President Barack Obama’s $447 billion jobs plan failed to clear the Senate on Tuesday evening, despite the best pleas and weeks of campaigning by President Obama. The bill received a simple majority of 51 votes but fell short of the necessary 60 to end debate. Sens. Ben Nelson of Nebraska and Jon Tester of Montana were the only Democrats to vote against the bill. Both of them are facing tough re-election campaigns next year.
The president’s Jobs Bill also has little chance of clearing the Republican-controlled House of Representatives. Mr. Obama called on lawmakers to “do the right thing” and “put country ahead of party,” and pass the $447 billion jobs bill earlier in the day. He said Republican opponents will have a hard time explaining to voters why they rejected it.
With the American economy stagnated and unemployment currently at 9.1 percent, Mr. Obama said the act would put thousands of teachers, police and construction workers back on the job. He said taxes for workers and small businesses would be cut. “This is a moment of truth,” Obama told a union crowd in Pittsburgh. “The time for gridlock and games is over. The time for action is now.”
President Obama’s Bill has been much criticised in recent weeks and Senate Leader Harry Reid even had to change the proposal on how to pay for the bill in the last week, in an attempt to secure support from his own Democratic Party for the bill. Reid after inserting a provision to pay for the bill by raising income tax rates, by 5.6 percent on people who earn more than a $1 million a year, accused the GOP of blocking the legislation both to deny Obama a victory and to protect millionaires at the expense of the rest of the country.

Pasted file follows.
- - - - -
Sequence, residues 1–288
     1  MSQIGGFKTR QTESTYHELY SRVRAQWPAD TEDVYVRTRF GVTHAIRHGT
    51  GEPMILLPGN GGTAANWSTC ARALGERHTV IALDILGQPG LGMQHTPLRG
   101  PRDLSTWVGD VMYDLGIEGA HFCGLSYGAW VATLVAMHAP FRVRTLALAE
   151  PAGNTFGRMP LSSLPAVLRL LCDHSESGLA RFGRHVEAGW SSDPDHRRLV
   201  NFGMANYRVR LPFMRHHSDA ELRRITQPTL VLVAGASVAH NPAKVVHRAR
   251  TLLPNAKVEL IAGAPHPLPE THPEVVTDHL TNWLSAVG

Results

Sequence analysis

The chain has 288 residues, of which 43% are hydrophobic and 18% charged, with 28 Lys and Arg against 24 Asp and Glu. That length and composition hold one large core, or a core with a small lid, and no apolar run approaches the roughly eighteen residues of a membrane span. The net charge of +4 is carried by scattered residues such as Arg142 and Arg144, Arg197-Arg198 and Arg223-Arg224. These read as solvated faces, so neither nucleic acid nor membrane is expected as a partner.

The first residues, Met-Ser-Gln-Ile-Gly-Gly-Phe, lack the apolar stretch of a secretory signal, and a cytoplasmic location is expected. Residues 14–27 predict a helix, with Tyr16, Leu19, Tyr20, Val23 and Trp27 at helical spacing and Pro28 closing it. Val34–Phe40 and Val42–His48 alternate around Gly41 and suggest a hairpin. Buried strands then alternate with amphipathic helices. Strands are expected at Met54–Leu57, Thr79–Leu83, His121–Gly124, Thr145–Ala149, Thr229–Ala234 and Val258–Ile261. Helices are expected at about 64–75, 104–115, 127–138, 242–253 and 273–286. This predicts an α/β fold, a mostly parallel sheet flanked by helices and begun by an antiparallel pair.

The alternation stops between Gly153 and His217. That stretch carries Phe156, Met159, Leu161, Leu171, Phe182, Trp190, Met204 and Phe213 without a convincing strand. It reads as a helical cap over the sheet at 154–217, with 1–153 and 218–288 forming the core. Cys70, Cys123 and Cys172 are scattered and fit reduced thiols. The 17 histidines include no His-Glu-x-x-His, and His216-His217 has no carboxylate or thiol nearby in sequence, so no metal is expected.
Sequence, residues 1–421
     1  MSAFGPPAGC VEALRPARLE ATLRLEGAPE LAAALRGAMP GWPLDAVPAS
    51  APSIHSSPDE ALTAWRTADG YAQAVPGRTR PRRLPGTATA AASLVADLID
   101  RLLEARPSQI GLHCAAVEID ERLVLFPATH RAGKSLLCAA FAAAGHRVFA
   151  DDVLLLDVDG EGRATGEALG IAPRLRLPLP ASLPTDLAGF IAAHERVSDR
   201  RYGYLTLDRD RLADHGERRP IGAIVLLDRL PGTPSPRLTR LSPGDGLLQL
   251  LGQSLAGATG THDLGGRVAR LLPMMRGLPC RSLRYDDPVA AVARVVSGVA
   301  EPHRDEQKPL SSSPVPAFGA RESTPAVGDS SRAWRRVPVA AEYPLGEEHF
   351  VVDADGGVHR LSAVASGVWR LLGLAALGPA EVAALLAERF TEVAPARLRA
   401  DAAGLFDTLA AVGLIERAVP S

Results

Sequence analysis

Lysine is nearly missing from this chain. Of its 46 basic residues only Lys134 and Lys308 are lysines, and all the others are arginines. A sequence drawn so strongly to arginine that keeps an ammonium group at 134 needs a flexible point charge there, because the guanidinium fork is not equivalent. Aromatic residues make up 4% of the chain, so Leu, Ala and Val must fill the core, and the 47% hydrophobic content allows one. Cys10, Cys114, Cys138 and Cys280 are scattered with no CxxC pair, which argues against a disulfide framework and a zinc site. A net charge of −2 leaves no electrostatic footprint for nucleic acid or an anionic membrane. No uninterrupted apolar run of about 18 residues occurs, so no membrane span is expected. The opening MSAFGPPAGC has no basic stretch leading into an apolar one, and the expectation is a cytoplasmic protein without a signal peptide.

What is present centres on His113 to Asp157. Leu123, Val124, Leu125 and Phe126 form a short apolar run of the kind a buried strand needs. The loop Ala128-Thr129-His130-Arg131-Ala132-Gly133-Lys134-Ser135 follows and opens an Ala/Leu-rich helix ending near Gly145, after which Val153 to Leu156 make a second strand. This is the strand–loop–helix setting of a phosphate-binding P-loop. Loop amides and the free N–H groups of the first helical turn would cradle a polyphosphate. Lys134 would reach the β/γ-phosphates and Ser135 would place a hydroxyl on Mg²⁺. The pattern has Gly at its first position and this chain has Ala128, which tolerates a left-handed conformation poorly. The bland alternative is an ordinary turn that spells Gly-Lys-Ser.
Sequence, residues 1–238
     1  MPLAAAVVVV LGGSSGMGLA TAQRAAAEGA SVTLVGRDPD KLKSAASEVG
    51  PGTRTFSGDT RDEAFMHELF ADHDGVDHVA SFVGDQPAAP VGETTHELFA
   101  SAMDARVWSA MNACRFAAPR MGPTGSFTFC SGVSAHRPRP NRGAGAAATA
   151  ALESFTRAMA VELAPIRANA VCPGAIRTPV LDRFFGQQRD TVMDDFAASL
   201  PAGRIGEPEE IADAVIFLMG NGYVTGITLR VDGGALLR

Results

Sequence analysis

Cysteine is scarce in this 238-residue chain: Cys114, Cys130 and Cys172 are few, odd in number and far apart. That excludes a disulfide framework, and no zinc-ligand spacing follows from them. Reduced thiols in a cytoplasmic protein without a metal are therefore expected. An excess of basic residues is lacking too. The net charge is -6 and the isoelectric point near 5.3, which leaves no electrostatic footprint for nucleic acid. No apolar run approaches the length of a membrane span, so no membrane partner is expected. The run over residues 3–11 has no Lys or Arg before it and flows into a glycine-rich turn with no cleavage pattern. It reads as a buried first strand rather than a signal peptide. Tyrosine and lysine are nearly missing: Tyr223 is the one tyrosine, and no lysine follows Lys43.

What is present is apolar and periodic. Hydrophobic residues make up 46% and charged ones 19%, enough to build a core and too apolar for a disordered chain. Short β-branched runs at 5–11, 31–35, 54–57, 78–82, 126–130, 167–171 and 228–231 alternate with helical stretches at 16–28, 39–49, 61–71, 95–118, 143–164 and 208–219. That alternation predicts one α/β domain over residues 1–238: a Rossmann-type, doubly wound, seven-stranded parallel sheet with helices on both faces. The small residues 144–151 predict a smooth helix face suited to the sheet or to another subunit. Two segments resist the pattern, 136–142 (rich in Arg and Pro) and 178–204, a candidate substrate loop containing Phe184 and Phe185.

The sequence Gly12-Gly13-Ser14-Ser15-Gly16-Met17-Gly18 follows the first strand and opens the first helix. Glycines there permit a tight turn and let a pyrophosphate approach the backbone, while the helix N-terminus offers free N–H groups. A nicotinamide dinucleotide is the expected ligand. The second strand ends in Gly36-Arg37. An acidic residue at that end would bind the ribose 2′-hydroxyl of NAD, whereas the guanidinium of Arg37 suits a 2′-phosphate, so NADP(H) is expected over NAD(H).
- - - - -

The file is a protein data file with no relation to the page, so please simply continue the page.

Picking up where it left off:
Republicans fundamentally opposed the measure over its spending to stimulate the economy and its tax rise on millionaires and many small business owners.
Reacting to the vote, Mr Obama said: “Tonight’s vote is by no means the end of this fight.” In a statement after the vote, Obama said his bill contains proposals Republicans have supported in the past but that the GOP had obstructed the Senate from moving forward on the jobs bill. Obama says he will work with Senate Majority Leader Harry Reid to see that individual proposals in the bill gain a vote as soon as possible. Obama says that each vote will lead to lawmakers having to explain their positions.
He challenged lawmakers to “explain to their constituents why they’re against common-sense, bipartisan proposals to create jobs”.
The House and Senate are expected to use the remainder of the week to approve U.S. trade agreements with Colombia, Panama and South Korea, one of the few areas of agreement between Republicans and the administration on boosting the economy.
The White House and Democratic leaders must now resort to Plan B: The Democrats will need to look at ways of breaking the jobs bill into pieces that would be easier to pass, such as payroll tax cuts, unemployment benefits and construction spending.
Both parties will no doubt use the outcome as a political tool ahead of next year’s presidential election, as Democrats have accused Republicans of failing to approve a measure that would cut high unemployment. In return, Republicans have said Democrats are trying to increase taxes, which would kill jobs.
One thing is clear, President Obama is continuing to use the bill as a vehicle for making Republicans look bad. Many of the components of the bill were rejected in 2009, by the then Democratic controlled Congress, so it is politicking of the highest order to say the Republicans are to blame. I am certain some component parts of the bill will pass once broken up.
The challenges of kick starting the United States economy in the next year are not economic, they remain political, so perhaps Standard & Poor were justified to downgrade the U.S. credit limit over sixty days ago.
The impasse continues leaving the economy at the mercy of the markets and speculators yet again.
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